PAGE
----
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Sponsored by: The Diabetes Site

For people with diabetes, eating out is risky. Restaurants are not required to put any nutritional information on their menus, and they usually don't. It's often embarrassing and troublesome to have restaurant staff try to track down accurate information about a bowl of soup or a plate of spaghetti. Without a law in place, staff members could even dismiss the request, claiming the information is not available.

Too often, these frustrating scenarios leave people with diabetes to guess how many carbohydrates are in their meals. Guessing incorrectly could result in imbalanced blood glucose levels, which could lead to a hypoglycemic or hyperglycemic episode. In some cases, these severe issues can even lead to diabetic comas and death.

Right now, the FDA requires "chain restaurants and similar retail food establishments" to post calorie information on their menus and menu boards and have other nutritional information available in writing for those who request it. This information includes "total calories, calories from fat, total fat, saturated fat, trans fat, cholesterol, sodium, total carbohydrates, fiber, sugars, and protein."

Arguably, nutritional information could stand to be made even more accessible in chain restaurants, but in other eateries, it's often nowhere to be found at all. Restaurants that don't fall into the "chain restaurants" category are free to leave nutritional information off their menus and make it altogether unavailable to guests. That is unacceptable.

People deserve to have this information readily accessible so they can make well-informed decisions without being mocked or ridiculed for being "high-maintenance" or "picky." All restaurants should be required to post nutritional information for all food and drink items served at their establishment, including calories, fats, proteins, and—most importantly—carbs. This small change could help prevent accidental complications for those with diabetes and other health concerns.

Sign below to tell the FDA's Office of Nutrition, Labeling, and Dietary Supplements that every restaurant should be held to these standards.

Sign Here

Dear Food and Drug Administration, Office of Nutrition, Labeling, and Dietary Supplements,

Every day, people with diabetes and other diet-related health concerns are risking their health each time they are denied easy access to nutritional information for the food they order at restaurants.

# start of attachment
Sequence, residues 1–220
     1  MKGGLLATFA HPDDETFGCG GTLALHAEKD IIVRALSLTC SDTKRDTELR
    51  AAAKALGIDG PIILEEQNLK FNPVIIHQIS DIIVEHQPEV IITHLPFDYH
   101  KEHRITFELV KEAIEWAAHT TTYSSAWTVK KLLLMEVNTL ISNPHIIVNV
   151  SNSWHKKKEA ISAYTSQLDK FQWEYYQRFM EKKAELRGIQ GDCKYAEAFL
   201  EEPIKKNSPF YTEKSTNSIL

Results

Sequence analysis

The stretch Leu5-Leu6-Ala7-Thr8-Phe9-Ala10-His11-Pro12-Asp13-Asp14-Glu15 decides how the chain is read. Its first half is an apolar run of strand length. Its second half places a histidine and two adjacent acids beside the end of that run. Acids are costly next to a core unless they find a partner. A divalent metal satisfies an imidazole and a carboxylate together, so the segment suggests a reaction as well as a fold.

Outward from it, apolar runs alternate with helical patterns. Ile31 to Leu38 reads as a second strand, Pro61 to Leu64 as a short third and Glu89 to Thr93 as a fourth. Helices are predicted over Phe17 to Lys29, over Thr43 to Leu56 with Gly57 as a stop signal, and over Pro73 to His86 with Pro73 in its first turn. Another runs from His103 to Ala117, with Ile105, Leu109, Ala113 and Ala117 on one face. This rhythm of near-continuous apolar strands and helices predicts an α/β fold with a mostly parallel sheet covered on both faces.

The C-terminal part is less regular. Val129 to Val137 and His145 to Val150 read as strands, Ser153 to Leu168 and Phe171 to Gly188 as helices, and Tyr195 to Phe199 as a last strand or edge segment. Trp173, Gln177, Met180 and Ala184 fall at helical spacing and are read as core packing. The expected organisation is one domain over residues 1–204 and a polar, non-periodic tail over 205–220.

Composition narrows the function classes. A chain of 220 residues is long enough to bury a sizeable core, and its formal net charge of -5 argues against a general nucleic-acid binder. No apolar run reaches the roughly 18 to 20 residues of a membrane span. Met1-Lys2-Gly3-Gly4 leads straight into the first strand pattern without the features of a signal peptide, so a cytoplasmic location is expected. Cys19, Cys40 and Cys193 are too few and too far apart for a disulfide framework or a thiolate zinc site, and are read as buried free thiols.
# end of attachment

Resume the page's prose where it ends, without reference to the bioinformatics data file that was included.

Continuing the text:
The people deserve to have access to this information. No one should have to guess what's in their food in the hopes that they'll be able to give themselves the correct amount of medication to avoid health complications. No one should have to live in fear that the food they eat could hurt or even kill them.

It is time to protect people from this needless risk. I demand federal legislation to ensure that all eateries, whether they be fast food establishments, cafes, buffets, fine dining restaurants, or whatever else, are held to the same standards. For the good of the people, they should all be required to disclose the relevant nutritional facts for every food and drink item they sell.


Petition Signatures

Jan 19, 2017 Robin Giesen
Jan 19, 2017 Wendy Messenger
Jan 19, 2017 Ingrid Bichler
Jan 19, 2017 Frank Corvino
Jan 19, 2017 Sandy Hardwick-Pettis
Jan 19, 2017 Jeanene Mcgee
Jan 19, 2017 Kim Gabel
Jan 19, 2017 Amy Estabrook
Jan 19, 2017 Kelly Mack
Jan 19, 2017 Ken stein
Jan 19, 2017 cindy stein
Jan 19, 2017 rhonda lawford
Jan 19, 2017 Hazel Blanco Incer
Jan 19, 2017 Nicole Bucalo
Jan 19, 2017 Rieanna Mohammed
Jan 19, 2017 Rieanna Monique
Jan 19, 2017 Rie Monique
Jan 19, 2017 Stacy Harris
Jan 19, 2017 Hannah Perkins
Jan 18, 2017 Mita Chakraborti
Jan 18, 2017 catherine mengani
Jan 18, 2017 (Name not displayed)
Jan 18, 2017 Ana Pullen
Jan 18, 2017 (Name not displayed)
Jan 18, 2017 debra espinoza
Jan 18, 2017 Paul-Denis Clermont
Jan 18, 2017 Alicia Guevara
Jan 18, 2017 Lucia Nocentini
Jan 18, 2017 Marsha Cruea
Jan 18, 2017 Pj Boyce
Jan 18, 2017 Sharon Tozzi
Jan 18, 2017 Luisa Anaya
Jan 18, 2017 Nicole Solano
Jan 18, 2017 Saurabh Khanapure
Jan 18, 2017 Loli Diaz
Jan 18, 2017 Shelley Kent
Jan 18, 2017 Jacqueline Nelson
Jan 18, 2017 Amber Ford
Jan 18, 2017 Nina Domergue
Jan 17, 2017 Brenda Troup
Jan 17, 2017 ANNA BERGALIS Help people diabetes ,not hinder
Jan 17, 2017 Melina Quiroga
Jan 17, 2017 Travis Thomas
Jan 17, 2017 Martine Smet
Jan 17, 2017 Janet Petermann
Jan 17, 2017 Cindy Locke
Jan 17, 2017 Jarrett Holst
Jan 17, 2017 Judith Commons
Jan 17, 2017 Patricia Sannes
Jan 17, 2017 Amanda Pratt

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